You need to start by taking your kittens to the vet, soon after they have been born. They should have a general checkup by the vet. The kittens will be checked for eat mites, worms, fleas, feline leukemia and other signs of disease.
Later, you should have your kitten vaccinated against the most common diseases that affect kittens. These diseases include rabies, feline leukemia and distemper. Kittens require vaccinations at various ages, just like other pets, so be sure to talk to your vet about the schedule for your kitten receiving its shots, boosters, flea treatment and its heartworm prevention.
Your kittens will need to be fed high-quality kitten food, and always have a supply of plenty of clean and fresh water. These things provide the kittens with the necessary nutrients, protein, and calories for healthy growth throughout its adolescence. You should use dry or canned food to feed your kitten between three and four times a day, or leave the food out in daily portions. You should also change the flavours in order to avoid finicky eating habits.
You should then litter train your kittens by placing them in the litter box after meals and after play. You should rub the paws in the litter to stir it into insight interest. You should ensure that you keep the box clean, too, as many kittens will reject a dirty litter box.
You should make sure that you socialise your kittens by handling them often, touching their paws, ears and face. Visitors and children should introduce themselves so that the kitten will always be comfortable. The cat should also become acquainted with other animals, including cat-friendly dogs. Finally, you should look at spaying or neutering your kitten. Talk to your vet about the pros and cons, and how this can be arranged in the future to avoid unwanted pregnancies.
Dry of all the kittens then leave them with their mom check on them a lot and don't forget to let the mom drink water a lot so she will have more milk! Make sure they are warm! And for taming them pet them and hold them a lot so they will be used to it when they are older
Wipe the little kittens dry. Put them in a box with thier mother. Put a towel on the bottom of the box. Let the mom handle the rest. Do this all very gently. The kittens are fragile. Feed the mother in the box. Keep her with the kittens.
I was inexperienced when this happen to my cat. I got a very big box. Paper and an old towel. Made her a bed and paid the cat attention. She climbed in and out of the box, knowing the kittens where fine. I put the box in a quiet warm part of the house. When the kittens were feeding I helped the slowest to her mum. Purchased worming tablets and flea stuff from vet to ensure it was safe for kittens. Hope this helps.
The best thing to do is not to touch the babies (mommy will get angry and move them) yet and to make sure the mother cat has plenty of food, she knows what to do, don't worry!
Well This Happened to Me .... Your Cat Will Give Birth and Then She Will Clean The Kittens Just Make Sure Theres a Nice Comfortable Bed For Her To Put Them in ... Thats All Really So No Need to Panic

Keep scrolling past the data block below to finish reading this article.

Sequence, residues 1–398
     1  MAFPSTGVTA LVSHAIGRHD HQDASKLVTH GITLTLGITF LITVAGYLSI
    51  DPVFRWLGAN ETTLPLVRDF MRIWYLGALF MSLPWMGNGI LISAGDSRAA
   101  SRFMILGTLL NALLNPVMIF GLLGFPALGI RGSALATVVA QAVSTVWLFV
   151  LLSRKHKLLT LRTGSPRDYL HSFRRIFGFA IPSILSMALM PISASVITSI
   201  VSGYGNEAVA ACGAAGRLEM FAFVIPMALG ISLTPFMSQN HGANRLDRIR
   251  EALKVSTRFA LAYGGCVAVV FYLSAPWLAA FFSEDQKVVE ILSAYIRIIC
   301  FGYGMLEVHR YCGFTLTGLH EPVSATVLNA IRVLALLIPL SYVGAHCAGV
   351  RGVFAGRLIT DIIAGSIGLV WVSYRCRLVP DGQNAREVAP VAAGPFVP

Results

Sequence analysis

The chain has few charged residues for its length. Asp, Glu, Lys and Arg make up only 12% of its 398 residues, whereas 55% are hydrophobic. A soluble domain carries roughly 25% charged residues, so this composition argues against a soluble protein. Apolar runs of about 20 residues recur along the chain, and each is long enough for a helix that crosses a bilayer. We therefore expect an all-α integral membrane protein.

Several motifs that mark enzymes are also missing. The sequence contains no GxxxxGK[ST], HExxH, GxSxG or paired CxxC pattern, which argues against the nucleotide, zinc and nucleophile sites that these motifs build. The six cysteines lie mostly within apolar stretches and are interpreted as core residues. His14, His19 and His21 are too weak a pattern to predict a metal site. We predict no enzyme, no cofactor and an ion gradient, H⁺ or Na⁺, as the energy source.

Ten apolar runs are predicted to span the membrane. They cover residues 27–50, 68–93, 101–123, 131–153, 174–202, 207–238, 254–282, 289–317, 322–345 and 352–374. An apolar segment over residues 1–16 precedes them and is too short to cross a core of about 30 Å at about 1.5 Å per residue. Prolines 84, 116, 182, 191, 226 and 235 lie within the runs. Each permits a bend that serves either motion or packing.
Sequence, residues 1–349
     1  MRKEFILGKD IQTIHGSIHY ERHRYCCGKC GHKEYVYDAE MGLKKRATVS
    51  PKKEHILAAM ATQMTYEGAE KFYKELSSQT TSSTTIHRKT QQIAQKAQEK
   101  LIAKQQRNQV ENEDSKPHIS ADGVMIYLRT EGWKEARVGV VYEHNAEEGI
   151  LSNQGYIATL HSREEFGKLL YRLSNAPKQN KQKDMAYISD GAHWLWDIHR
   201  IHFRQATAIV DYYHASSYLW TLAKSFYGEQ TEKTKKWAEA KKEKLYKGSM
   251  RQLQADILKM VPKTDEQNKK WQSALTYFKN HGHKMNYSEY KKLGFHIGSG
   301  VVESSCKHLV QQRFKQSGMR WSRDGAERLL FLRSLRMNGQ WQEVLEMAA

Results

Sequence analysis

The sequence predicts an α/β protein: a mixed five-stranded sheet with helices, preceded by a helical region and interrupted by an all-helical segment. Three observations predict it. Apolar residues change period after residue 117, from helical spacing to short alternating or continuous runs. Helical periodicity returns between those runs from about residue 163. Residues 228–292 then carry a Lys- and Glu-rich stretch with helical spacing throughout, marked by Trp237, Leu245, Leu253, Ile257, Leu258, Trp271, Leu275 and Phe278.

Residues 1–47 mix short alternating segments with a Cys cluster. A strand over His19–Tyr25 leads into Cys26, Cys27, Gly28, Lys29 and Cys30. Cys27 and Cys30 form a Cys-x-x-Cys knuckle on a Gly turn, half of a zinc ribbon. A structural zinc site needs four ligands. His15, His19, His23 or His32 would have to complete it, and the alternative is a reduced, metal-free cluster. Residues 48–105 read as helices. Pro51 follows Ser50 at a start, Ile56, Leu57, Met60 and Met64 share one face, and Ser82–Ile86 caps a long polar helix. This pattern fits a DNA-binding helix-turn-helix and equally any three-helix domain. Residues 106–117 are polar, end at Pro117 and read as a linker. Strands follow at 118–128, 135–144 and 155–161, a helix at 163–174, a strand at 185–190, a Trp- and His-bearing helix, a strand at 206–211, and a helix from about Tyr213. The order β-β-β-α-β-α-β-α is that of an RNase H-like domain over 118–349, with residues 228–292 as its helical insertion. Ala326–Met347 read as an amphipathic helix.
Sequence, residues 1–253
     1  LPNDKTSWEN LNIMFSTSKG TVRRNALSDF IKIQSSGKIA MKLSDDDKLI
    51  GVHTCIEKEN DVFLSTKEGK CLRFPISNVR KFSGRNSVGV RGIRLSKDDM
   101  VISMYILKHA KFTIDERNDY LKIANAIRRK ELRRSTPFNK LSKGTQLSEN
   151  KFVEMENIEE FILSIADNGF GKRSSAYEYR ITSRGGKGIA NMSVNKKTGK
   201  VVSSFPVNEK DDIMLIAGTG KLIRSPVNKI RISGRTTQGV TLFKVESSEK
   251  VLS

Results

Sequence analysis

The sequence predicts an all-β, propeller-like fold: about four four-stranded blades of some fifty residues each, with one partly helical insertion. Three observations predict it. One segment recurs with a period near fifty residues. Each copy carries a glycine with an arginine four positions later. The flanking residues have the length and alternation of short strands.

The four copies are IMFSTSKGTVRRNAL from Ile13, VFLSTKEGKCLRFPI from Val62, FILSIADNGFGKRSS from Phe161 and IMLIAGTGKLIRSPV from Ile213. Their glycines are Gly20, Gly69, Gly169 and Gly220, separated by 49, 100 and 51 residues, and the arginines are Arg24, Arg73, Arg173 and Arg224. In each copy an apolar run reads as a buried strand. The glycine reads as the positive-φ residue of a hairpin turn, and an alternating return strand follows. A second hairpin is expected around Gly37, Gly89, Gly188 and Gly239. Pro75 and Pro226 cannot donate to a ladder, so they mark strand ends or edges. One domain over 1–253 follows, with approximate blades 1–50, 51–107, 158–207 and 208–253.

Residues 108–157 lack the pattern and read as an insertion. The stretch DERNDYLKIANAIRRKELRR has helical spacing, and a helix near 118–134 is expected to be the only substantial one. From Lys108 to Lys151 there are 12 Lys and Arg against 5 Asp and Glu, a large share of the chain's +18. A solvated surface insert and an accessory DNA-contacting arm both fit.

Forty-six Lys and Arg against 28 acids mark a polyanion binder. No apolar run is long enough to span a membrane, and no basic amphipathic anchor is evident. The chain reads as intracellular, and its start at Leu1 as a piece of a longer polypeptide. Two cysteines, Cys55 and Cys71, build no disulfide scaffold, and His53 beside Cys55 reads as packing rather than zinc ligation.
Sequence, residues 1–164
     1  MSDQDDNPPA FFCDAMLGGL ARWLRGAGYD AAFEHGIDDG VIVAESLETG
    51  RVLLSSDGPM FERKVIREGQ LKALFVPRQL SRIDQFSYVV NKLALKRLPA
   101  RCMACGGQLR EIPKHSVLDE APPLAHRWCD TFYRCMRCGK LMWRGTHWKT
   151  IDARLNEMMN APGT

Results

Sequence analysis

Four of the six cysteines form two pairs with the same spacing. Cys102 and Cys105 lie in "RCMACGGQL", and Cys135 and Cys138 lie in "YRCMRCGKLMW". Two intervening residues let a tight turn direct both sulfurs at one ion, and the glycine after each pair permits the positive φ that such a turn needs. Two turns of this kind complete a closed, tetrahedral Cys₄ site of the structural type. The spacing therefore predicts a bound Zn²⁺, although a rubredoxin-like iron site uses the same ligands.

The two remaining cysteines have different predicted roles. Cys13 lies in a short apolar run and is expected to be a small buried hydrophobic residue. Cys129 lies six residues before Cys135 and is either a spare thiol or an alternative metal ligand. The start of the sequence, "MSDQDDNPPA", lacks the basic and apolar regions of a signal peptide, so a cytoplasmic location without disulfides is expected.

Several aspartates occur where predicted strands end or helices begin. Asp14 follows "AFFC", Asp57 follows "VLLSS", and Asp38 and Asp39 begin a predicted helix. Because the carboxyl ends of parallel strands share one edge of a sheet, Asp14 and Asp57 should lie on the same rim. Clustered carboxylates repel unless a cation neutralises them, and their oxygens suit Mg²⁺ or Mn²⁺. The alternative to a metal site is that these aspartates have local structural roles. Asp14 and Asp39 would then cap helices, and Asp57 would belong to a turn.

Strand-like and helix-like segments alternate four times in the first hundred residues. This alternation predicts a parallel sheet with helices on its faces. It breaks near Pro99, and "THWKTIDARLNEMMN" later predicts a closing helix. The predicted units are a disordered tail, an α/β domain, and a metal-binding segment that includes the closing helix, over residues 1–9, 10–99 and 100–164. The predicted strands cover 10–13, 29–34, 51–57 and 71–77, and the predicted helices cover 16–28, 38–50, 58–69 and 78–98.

All pet-owners love their pets dearly, and for the owner of a cat, when his or her beloved pet is pregnant with a litter of kittens, it is as important an event in his or her life as it is in the life of the cat herself.
However, there are a lot of people who are not quite ready for the pregnancy of their beloved feline companions. When the cat is expectant, the owners are reluctant to welcome the kittens into the world, but they go ahead with litter of kittens with the intention of either spaying them or selling them immediately after they have been weaned.
The cat will continue to nurse the litter and suppress the return to the cycle. If it comes into contact with a male cat, it will be back in heat after duration of as early as one month after the delivery of the littler and is highly likely to get pregnant even before it has weaned the current litter.
It's not always that easy. Sometimes like humans they need help. Sometimes they don't clean the kitten out of the sack and they can't breathe. That's where you come in. You must break the sack and blow gently in the kittens face to get it breathing. This usually only happens to first time mommies. They catch on after a while. Sometimes they panic and walk while they are dropping their kittens. Many things can go wrong. It's best if you can be with the mommy until it's over and she is laying quietly nursing her little ones.
You will expect the mother cat to bleed a lot, your loving cat won't pay that much attention to you so to her kittens. When my cat had kittens she was so weak and her tongue stuck out and she was acting like a dog, there's an old tale that if you touch the kittens when there small the mother cat won't want them any more so don't TOUCH!!!. Get your cat desexed after she stops breastfeeding as you shouldn't desex your cat when breast feeding because they can't get pregnant then. You can start selling them at 4 weeks old but be aware the mother cat won't like it and she might be a bit grumpy or scratch you.
Yours faithfully maria